Two pieces of pro-life legislation failed to overcome a Democratic filibuster this week-but two pro-life senators said the bills forced debate on a vital subject.

The Pain-Capable Unborn-Child Protection Act, introduced by Sen. Lindsey Graham (R- S.C.), would have banned elective abortions after five months, the point at which science suggests an unborn child can feel pain. The Born-Alive Abortion Survivors Protection Act, introduced by Sen. Ben Sasse (R-Neb.), would have required that a child who survives a botched abortion attempt receive the appropriate medical care for their gestational age.

Although both bills received majority support, they each failed to reach the 60-vote threshold required to proceed. Three Democratic senators-Sens. Doug Joes, Bob Casey, and Joe Manchin-broke with their party to support the Born-Alive bill. Casey and Manchin also voted in support of the Pain-Capable Bill, while Republican Sens. Susan Collins and Lisa Murkowski voted against it.

Sen. Joni Ernst (R-Iowa), an original co-sponsor of both the Pain-Capable and Born-Alive bills, told EWTN Pro-Life Weekly on Thursday that passing these pieces of legislation would have been a "great step forward."

Ernst noted that contrary to some arguments from pro-choice senators, the Born-Alive bill would not restrict abortion procedures.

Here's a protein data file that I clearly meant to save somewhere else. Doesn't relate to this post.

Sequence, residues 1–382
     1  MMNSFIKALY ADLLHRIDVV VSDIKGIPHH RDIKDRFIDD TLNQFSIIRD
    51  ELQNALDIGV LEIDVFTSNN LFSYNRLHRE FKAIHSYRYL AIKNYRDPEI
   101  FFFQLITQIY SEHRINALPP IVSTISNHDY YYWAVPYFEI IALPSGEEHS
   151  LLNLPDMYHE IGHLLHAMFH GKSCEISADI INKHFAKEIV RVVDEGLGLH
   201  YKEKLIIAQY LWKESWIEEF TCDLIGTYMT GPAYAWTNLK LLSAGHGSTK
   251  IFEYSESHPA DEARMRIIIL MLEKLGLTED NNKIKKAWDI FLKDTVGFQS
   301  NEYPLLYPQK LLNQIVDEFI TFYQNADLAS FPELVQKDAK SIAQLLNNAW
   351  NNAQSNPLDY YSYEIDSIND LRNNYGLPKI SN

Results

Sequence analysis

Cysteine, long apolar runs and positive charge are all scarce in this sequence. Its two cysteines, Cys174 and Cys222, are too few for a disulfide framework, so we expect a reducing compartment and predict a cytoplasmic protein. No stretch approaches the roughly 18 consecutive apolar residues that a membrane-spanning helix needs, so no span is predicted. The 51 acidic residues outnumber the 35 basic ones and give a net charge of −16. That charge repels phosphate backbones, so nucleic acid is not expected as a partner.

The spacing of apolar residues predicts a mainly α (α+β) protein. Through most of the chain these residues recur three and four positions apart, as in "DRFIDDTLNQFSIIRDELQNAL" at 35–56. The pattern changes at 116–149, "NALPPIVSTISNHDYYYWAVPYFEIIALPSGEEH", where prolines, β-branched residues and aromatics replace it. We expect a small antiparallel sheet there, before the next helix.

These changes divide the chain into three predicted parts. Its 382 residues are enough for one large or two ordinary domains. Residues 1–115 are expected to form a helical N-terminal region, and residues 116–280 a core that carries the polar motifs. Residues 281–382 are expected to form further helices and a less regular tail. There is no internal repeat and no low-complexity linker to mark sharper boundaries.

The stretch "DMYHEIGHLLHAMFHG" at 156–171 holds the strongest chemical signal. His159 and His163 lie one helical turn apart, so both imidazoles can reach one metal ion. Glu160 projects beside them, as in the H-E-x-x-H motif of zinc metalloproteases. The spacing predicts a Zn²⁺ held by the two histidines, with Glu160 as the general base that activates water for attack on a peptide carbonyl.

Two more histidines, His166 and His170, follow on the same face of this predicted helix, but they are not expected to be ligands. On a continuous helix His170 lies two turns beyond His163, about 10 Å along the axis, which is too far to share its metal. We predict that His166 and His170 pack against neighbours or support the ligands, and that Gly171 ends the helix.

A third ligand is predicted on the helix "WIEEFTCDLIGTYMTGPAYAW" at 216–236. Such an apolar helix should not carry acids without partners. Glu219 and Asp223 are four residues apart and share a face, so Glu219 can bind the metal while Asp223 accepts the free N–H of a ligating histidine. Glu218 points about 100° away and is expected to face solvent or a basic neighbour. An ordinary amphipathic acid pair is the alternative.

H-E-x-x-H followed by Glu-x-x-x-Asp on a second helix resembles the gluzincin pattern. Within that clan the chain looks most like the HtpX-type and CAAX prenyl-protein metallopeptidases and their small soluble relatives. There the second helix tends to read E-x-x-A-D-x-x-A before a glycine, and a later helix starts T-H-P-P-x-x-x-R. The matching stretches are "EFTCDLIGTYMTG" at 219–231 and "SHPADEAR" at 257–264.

"These are living, breathing, babies that are born," Ernst said. "They are born alive. And so they are outside of the mother's womb. They are babies, and they should be cared for."

Ernst argued that both bills are in the interest of women as well as the unborn.

"I would say that every woman, every girl, regardless of age, in the womb, to an old, old age, every woman should be respected. Every life is valuable," Ernst said, adding, "So I see these bills as being very pro-woman. We're trying to protect that young girl, that baby in the womb, and make sure that she has every opportunity given to every other child that's wanted."

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Ernst said despite the defeat, she hopes to win the support of her pro-choice colleagues on these bills.

"I am always hopeful," she said. "I am an eternal optimist and I think that these bills and the stories behind some of these bills will resonate with our friends and colleagues on the left, and I am hoping that they do draw something from deep down inside of them and understand that we can be pro-life and pro-life is pro-woman, and hopefully that they would come to understand that and support us on these very, very important pro-life measures."

Sen. Ben Sasse (R-Neb.), who authored the Born-Alive bill, argued the legislation should have passed "one hundred to zero." 

"We had 44 Democrats not with us, 41 actively filibustered, and three were off on the presidential campaign trail where they're pretending to kiss babies, but they wouldn't actually show up to vote to protect real-life babies," Sasse said during a Thursday interview on EWTN Pro-Life Weekly.

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Sasse said although he is disappointed by the outcome of the vote, "we want to keep drawing more attention to this and force people to have these conversations about these moral responsibilities we have to love the weakest and most vulnerable among us."

Kate Scanlon is a producer for EWTN Pro-Life Weekly.